Authorities called it the flow of dirty money into B.C. casinos captured on undated surveillance footage.
But what happened outside the view of cameras?
It’s a burning question for the former commander of B.C.’s Integrated Illegal Gaming Enforcement Team (IIGET).
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“A young security worker came to me while I was the unit commander of IIGET and said he was monitoring the criminal activity of a loan shark, a known loan shark in the casino which employed him,” Fred Pinnock, former BC IIGET commander, said.
The shocking allegation tied to loan-sharking came in 2006 and involved Richmond’s River Rock Casino.
“His security manager came to him and said, ‘What are you doing? It’s bad for business,'” Pinnock said. “That security manager then escorted the loan shark to an area within that casino that everyone knew was not covered by cameras.”
Pinnock says he wanted his unit IIGET to investigate criminal activity of this nature but setting up a covert operation inside legal casinos was outside their mandate.
“I communicated that to the people to whom I reported, as well as my partner agency GPEB (Gaming Policy and Enforcement Branch) and I was advised that it had been investigated. Nothing more was said.”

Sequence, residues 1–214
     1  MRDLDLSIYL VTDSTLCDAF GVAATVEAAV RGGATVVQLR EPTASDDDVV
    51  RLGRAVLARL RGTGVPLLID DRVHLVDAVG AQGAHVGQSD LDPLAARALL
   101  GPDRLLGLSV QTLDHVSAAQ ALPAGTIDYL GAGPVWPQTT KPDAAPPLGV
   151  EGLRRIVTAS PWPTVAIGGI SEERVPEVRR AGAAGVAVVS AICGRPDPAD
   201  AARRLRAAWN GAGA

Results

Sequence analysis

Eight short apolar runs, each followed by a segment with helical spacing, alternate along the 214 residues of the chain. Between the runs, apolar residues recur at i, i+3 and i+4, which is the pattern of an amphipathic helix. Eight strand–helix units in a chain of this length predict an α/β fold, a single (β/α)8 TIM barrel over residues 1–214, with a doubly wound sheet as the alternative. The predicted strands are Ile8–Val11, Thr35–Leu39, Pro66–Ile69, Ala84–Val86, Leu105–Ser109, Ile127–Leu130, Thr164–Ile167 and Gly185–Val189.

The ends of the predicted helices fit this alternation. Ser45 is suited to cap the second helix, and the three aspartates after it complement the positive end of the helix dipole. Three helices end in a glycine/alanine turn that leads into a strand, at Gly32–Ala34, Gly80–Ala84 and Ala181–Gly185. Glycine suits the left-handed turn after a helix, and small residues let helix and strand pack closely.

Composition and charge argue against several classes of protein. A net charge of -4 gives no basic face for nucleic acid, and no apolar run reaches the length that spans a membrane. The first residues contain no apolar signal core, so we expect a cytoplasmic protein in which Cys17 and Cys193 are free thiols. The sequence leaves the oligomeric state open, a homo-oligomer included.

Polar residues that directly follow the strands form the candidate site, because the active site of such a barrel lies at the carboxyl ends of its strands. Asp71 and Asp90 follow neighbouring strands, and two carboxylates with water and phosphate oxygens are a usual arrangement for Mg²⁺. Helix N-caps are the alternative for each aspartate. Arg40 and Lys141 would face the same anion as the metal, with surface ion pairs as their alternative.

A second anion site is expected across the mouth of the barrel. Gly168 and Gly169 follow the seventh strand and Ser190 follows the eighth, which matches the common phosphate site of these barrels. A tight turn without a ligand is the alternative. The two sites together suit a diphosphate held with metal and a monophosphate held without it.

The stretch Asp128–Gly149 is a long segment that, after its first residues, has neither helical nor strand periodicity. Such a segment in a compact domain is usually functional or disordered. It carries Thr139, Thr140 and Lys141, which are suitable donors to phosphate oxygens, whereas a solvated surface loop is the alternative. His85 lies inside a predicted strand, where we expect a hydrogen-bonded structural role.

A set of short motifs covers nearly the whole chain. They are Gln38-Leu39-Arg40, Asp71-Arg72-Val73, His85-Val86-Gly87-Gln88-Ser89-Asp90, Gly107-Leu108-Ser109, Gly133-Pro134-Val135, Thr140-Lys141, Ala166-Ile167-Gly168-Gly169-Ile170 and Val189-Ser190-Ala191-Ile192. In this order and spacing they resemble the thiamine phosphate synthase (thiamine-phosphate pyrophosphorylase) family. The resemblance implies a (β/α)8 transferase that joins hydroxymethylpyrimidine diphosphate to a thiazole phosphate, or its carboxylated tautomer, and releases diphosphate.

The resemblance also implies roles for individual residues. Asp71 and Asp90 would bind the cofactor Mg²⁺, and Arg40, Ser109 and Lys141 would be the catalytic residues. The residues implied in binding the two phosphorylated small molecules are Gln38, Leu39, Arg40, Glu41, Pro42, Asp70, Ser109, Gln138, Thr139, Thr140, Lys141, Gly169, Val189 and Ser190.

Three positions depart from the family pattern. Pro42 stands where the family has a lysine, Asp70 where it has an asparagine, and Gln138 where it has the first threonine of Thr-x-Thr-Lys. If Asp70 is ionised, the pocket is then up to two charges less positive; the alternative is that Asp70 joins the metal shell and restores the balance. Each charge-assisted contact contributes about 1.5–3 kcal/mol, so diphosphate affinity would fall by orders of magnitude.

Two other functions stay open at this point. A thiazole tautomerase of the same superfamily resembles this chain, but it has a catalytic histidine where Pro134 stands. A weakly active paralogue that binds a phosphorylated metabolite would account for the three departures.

Pinnock believes a lack of action on serious allegations is a major concern to the minister now responsible for GPEB.
“That allegation is really serious,” Attorney General David Eby said. “I can think of a number of violations of provincial law and policy and potentially criminality.”
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In his report on money laundering, Peter German wrote:
“Loan sharks may be financed and supported by organized crime networks… who are also involved in money laundering activities.”
“For many years Lower Mainland casinos unwittingly served as laundromats for the proceeds of organized crime,” German said.
The owner of the River Rock — Great Canadian Gaming Corp. — wouldn’t put anyone on camera, but insists staff don’t have the discretion to deviate from compliance policies and the casino will always cooperate with police.
“The RCMP has never expressed any concerns to us about our company’s compliance with the laws and regulations that govern our industry, and Great Canadian is unaware of any allegations which may have been made to the RCMP,” Great Canadian Gaming COO Terrance Doyle said.
When asked directly if Great Canadian Gaming had any knowledge of its staff making the allegation to the GPEB, Global News was told there was “no further comment.”
“Mr. Pinnock is a credible person and he was in charge of an important area of law and policy,” Eby said. “If he believes that this kind of issue wasn’t dealt with, then it should be.”
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